Do you remember where you were on May 15, 2004, the night Roy Jones Jr. fought a rematch with Antonio Tarver? I remember being at my University nightclub, the Turret, talking about the then-in-progress match with a random patron.
“So what do you think happened?” he asked.
“Of course Roy won!” I replied, incredulous that the result wasn’t a given.
Later on, the truth came out that a counter left hook had ended RJJ’s reign atop the pound-for-pound list. Jones never had the same aura of invincibility that had powered his virtuoso career up to that point.
Watching Fabricio Werdum slap on a triangle just 69 seconds into the first round at last June’s Strikeforce show was a similar moment—if you blinked, you’d miss the realization that Fedor had slipped. Saturday night at New Jersey’s Izod Center further bronzed that reality when Antonio “Bigfoot” Silva earned a second-round doctor’s stoppage over Emelianenko.
“B*llsh*t!” “Kill the doctor!” “Eff this!” “Let him continue!”—those were the alcohol-laced epithets of the venue spectators when the decision was announced and they were deprived of a third round. One genius even threw a full bottle of water in the direction of the cage—with the missile landing near the bewildered official M-1 photographer.
The first round did not provide a dominant display from the Russian. In the second round, as Silva got top position and rained down punch after punch on Emelianenko, the audience began cheering at Fedor’s escape attempts rather than any offense he put up. With tremendous will, Fedor survived the second round and made it back to his corner.
Neither the anger of the spectators nor the speculation of M-1 Global’s Vadim Finkelstein can deprive Antonio Silva of his rightfully-earned victory. Whatever slight chance of a comeback Fedor could have launched in the third, the momentum had turned against him. Not just in the fight—but perhaps in Emelianenko’s career.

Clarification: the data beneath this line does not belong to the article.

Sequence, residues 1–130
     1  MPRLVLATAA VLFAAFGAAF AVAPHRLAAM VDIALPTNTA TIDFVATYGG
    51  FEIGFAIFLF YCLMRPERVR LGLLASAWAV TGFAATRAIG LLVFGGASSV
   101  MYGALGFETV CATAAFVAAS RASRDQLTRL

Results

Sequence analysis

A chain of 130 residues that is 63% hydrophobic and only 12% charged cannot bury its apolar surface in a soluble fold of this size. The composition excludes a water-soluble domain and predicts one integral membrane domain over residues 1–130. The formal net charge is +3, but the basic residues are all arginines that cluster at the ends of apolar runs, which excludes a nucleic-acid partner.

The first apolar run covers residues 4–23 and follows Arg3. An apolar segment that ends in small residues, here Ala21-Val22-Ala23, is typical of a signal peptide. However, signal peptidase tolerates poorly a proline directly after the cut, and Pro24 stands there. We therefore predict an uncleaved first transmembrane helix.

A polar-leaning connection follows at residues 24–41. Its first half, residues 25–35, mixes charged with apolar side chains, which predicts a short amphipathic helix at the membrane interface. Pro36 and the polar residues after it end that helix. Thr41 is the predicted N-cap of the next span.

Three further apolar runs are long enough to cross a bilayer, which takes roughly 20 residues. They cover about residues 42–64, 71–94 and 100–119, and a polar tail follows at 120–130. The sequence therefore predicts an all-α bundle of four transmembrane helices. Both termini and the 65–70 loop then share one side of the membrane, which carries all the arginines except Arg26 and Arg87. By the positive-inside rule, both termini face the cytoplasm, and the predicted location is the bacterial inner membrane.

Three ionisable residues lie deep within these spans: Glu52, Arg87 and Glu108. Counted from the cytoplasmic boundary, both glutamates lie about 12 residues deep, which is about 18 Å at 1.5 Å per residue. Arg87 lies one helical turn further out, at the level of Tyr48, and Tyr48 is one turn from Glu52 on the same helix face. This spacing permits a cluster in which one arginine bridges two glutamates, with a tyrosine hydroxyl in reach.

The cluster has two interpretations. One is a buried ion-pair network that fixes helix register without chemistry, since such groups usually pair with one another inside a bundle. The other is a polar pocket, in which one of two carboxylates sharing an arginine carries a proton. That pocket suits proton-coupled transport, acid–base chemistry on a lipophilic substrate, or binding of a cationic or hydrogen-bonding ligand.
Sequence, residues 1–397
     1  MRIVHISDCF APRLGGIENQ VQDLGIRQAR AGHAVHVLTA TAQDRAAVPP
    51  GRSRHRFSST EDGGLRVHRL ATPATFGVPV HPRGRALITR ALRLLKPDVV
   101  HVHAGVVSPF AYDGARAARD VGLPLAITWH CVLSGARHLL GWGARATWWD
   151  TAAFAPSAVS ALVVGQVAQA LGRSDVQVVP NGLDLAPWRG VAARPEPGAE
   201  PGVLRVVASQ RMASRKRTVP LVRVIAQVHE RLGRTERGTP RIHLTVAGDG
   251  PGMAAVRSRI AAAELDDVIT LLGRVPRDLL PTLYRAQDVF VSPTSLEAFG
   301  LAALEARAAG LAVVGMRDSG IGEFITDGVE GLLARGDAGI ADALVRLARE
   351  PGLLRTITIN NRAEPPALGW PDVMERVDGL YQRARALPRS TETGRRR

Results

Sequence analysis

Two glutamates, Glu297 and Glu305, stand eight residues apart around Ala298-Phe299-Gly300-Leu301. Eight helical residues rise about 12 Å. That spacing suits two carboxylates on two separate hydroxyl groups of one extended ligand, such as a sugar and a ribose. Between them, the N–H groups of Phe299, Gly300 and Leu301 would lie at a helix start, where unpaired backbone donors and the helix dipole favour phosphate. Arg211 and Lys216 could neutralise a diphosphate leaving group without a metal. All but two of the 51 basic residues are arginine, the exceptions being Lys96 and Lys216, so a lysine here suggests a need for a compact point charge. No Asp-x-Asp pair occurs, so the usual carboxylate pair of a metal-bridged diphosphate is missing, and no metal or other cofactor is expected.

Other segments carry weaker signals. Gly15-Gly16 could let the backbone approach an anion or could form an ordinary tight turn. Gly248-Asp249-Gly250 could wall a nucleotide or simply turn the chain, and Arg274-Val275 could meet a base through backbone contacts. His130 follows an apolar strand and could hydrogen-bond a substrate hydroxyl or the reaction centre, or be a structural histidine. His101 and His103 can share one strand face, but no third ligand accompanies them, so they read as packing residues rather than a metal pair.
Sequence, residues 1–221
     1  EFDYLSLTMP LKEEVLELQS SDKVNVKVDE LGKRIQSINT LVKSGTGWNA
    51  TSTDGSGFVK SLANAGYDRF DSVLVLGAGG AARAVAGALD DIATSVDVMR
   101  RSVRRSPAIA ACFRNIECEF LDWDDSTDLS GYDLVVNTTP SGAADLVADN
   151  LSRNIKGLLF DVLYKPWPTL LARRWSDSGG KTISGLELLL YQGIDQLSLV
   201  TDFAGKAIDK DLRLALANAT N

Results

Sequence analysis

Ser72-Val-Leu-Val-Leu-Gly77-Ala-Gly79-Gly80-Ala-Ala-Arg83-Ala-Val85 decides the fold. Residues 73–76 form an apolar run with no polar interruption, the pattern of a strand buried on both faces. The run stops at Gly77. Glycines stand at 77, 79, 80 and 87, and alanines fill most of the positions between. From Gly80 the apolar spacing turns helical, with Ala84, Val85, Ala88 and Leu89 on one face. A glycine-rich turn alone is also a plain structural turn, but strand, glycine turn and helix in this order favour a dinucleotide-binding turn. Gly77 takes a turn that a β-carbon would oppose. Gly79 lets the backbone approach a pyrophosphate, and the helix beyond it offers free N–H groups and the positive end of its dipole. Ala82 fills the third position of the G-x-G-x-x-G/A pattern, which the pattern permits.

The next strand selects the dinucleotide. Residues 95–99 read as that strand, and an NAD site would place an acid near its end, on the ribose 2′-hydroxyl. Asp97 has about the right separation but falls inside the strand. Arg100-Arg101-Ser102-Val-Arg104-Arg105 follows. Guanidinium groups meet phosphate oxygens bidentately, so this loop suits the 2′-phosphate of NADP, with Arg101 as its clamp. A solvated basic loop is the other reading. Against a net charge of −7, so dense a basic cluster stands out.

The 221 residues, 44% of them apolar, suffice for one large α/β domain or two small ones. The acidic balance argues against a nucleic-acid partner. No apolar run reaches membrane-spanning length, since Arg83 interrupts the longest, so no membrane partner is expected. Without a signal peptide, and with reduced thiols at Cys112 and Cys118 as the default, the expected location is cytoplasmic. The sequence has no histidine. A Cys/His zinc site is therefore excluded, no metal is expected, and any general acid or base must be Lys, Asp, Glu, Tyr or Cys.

What others refused to accept was made crystal clear by the Russian in his post-fight interview:
“Something went wrong from the very beginning and I didn’t re-adjust myself. Maybe it’s the time to leave.”
Going from Fabricio Werdum to Antonio Silva in the first round of one of the strongest heavyweight tournaments assembled in recent Mixed Martial Arts history was like going out of the frying pan and into the fire. In losing, the realization that he wasn’t what he used to be was probably far more painful to Fedor than his facial trauma. He might have been the anti-star who shunned the media spotlight as a personal or cultural choice; he might not have had the wider appeal of UFC-backed heavyweights or the mythological ability ascribed to Rickson and Royce of the Gracie clan, but Emelianenko was known by core fans and educated media to be the very best of his era.
Like Sonny LoSpecchio’s speech about real love in A Bronx Tale, “They come along like the great fighters, every ten years. Rocky Marciano. Sugar Ray Robinson. Joe Louis. Sometimes you get ‘em all at once.”
For a time, we had Fedor. The tapes will always be there—standing with Mirko Cro Cop (“Right leg, hospital; Left leg, cemetery”), dominating Antônio Rodrigo Nogueira—the truth is there, always preserved for future generations to find.
We are expected to tune into the April 9th edition of the Strikeforce tournament to see whether Alistair Overeem can knock off top-rated heavyweight Fabricio Werdum. The winner of that match-up has to be considered the favorite to win the whole thing. But having Fedor in the mix was as exciting as the idea of having Roy Jones Jr. or Sugar Ray Leonard competing in the Showtime Super-Six super-middleweight boxing tournament.
There will be other champions. But there will never be another exactly like Fedor Emelianenko—The Last Emperor.
Brian J. D’Souza is a Canadian writer who has covered Mixed Martial Arts for ESPN.com, FoxSports.com, CagePotato.com, Heavy.com and FIGHT! magazine.
Who will win? Wladimir Klitschko or Tyson Fury?